In our system, under the First Amendment and the due-process clauses of the Fifth and Fourteenth, it is often left to judges to strike a balance between a desirable end, such as personal autonomy, and apprehended dangers, such as individual anti-social behavior or a general deterioration of mores. But in the matter of deviant sexual conduct and the like, the judges have ordinarily let legislatures and other political institutions strike the balance because they have lacked a sufficiently objective standard on which to rest judicial judgment. They have discovered no such standard where writing rather than conduct is involved either, and yet they presume to tell the society how much obscenity it must live with. Decisions are left to the judges in the expectation that they will justify the results they reach by an appeal to some principle that has a reasonably objective existence, connects with relevant tradition, works a rational accommodation among conflicting needs, fears, and values, and is communicable from one judge to another and to the rest of us. Such are the minimal qualities of law. Simply falling back, in the search for legal principle, on the text of the First Amendment will not do, since the value of speech and writing, though high, has not been received in the law as an absolute, and does not require us to accept every harm and run every risk. If all the judges manage to do is substitute, as they have in the obscenity cases, their subjective reaction for that of legislators, prosecutors, or even police, then they are not making constitutional law and are not performing the function that entitles them to supremacy.
I do not argue that Lady Chatterley's Lover, or Tropic of Cancer, or Fanny Hill; or the unfortunate Ralph Ginzburg's Eros, Liaison, and Housewife's Handbook of Selective Promiscuity; or even Trailer Trollop and Wife-Swappers, ought to be suppressed. I do not argue for censorship. I would wish—I think I would wish—anyone to have the right to publish or show anything that anyone else may want to read or see, and we would take our chances. But I don't know where to find reasons convincing enough to be enshrined as constitutional law for compelling others, who may be in a majority, to wish as I do. I should hope a majority could be persuaded on prudential grounds that a lot of censorship is unwise, and ineffective to boot, and that a little goes a long way. But the constitutional problem of obscenity, the question whether and how judges are to decide what a community must tolerate and what it may censor is, I maintain, a baffling one, to which the solution escapes me, as it did the Supreme Court and also Mr. Rembar. There are things the judges can do around the edges of the problem. For example, as Mr. Justice Harlan has suggested, there is good reason for taking the federal government out of the censorship business, and leaving it to the states. (Mr. Rembar disapproves because, of course, he prefers a permissive federal rule binding on the states.) The federal government is apt to impose the standards of Dubuque on Greenwich Village, after all, whereas Dubuque can impose them only in Dubuque. Again, legislatures have been no more successful in defining obscenity intelligibly than the Supreme Court, and the term should, therefore, be deemed too vague to form part of the criminal law. However else obscenity might be controlled, it should not be punishable criminally. And the means of controlling it should be subject to additional procedural restrictions as well. But I do raise the question whether it is more justifiable for the judges to impose their subjective reactions as the ultimate, substantive law of obscenity than it would be for Mr. Rembar or me to impose ours, had we the power.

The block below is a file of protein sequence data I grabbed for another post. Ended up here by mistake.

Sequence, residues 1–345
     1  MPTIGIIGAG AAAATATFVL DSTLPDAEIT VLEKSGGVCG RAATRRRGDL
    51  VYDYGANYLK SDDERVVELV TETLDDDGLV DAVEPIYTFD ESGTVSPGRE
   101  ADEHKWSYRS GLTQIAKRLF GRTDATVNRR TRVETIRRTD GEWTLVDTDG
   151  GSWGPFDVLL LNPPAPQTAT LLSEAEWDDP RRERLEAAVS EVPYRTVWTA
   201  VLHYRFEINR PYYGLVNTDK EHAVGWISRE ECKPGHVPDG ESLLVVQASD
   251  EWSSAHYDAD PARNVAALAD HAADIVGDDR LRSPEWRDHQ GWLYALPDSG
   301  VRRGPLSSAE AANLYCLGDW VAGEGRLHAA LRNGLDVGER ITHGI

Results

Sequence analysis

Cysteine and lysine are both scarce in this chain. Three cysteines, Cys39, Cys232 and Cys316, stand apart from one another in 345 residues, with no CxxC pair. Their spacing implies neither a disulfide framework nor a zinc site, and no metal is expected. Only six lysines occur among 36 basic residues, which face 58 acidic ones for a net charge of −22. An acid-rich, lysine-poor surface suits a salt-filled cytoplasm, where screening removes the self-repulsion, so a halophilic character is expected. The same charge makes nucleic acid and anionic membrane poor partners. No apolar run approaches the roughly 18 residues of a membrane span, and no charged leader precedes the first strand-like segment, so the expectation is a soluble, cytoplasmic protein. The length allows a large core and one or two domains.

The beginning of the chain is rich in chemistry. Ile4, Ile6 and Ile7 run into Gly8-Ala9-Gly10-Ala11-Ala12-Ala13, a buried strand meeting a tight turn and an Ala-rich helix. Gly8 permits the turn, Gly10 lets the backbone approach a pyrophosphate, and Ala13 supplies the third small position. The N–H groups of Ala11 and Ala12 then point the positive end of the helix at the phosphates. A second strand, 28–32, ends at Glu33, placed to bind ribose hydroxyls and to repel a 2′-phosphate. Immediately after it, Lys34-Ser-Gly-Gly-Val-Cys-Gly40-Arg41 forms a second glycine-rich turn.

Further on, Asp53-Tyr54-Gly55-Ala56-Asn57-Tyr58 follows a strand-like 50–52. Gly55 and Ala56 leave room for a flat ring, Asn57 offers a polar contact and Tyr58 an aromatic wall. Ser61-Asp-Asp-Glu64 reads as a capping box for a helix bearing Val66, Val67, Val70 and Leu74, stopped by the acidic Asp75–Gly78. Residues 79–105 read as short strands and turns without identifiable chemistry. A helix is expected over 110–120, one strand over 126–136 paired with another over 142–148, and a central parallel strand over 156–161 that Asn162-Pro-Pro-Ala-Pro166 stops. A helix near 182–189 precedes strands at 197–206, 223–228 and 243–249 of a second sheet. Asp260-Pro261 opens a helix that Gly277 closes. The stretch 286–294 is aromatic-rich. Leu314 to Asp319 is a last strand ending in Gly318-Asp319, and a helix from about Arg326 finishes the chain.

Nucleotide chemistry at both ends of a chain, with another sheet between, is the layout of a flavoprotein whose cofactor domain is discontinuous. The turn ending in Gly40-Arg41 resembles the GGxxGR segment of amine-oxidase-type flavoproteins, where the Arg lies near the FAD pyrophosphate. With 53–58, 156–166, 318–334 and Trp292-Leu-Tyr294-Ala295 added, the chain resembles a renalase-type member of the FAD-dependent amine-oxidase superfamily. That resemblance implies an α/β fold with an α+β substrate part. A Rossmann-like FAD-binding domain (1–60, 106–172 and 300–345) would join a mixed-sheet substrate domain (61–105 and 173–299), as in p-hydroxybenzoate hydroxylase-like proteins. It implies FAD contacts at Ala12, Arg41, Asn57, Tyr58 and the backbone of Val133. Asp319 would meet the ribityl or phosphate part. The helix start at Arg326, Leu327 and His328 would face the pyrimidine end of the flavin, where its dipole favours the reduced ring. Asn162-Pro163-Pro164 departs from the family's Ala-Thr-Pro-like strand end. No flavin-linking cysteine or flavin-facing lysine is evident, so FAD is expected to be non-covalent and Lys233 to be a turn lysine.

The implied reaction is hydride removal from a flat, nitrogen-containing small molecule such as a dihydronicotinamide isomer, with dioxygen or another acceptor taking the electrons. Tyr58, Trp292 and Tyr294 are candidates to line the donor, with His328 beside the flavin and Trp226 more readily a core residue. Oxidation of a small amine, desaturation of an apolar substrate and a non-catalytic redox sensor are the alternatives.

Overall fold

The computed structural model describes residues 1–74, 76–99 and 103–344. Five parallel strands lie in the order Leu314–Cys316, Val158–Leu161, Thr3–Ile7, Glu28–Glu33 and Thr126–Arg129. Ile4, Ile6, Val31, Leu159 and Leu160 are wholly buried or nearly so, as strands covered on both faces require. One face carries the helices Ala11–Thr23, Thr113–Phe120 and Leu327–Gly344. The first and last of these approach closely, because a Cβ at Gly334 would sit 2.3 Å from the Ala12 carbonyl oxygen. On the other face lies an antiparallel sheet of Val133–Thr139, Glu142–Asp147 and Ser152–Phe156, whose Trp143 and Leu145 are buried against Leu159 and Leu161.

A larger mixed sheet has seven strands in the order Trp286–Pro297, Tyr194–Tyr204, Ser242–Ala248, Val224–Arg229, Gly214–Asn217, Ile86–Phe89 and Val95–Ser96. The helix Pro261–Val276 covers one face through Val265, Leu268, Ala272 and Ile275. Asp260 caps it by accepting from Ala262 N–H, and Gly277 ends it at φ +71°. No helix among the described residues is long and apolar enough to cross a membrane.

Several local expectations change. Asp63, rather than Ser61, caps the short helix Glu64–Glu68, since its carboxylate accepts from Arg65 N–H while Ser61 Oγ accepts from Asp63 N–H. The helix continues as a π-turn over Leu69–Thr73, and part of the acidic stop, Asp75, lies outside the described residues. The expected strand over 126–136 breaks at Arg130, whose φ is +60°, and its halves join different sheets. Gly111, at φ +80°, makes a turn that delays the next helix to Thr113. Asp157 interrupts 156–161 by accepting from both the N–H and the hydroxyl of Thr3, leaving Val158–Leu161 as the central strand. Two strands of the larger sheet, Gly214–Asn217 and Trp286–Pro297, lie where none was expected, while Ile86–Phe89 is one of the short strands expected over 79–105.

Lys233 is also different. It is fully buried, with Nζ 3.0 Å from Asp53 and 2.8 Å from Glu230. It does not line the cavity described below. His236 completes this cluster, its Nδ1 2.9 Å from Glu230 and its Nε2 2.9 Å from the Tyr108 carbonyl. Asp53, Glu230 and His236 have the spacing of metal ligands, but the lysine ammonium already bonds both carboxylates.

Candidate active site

The question I raise doesn't trouble Mr. Rembar very much. He approaches it gingerly once or twice, and begs it with general references to the First Amendment, to constitutionalism and the established authority of the Supreme Court. But then his is not a book about the Supreme Court, or about the Constitution, or about the function of judicial review. It is a lively volume about some grand cases he won, and the pleasure he took in doing so. Lawyers talk a lot about their cases, although not often as well as Mr. Rembar. This is an extended monologue by an intelligent lawyer—literate, if given at times to displays of cute or fussy erudition, a bit full of himself, digressive but only occasionally misinformed and often witty—fun withal and instructive.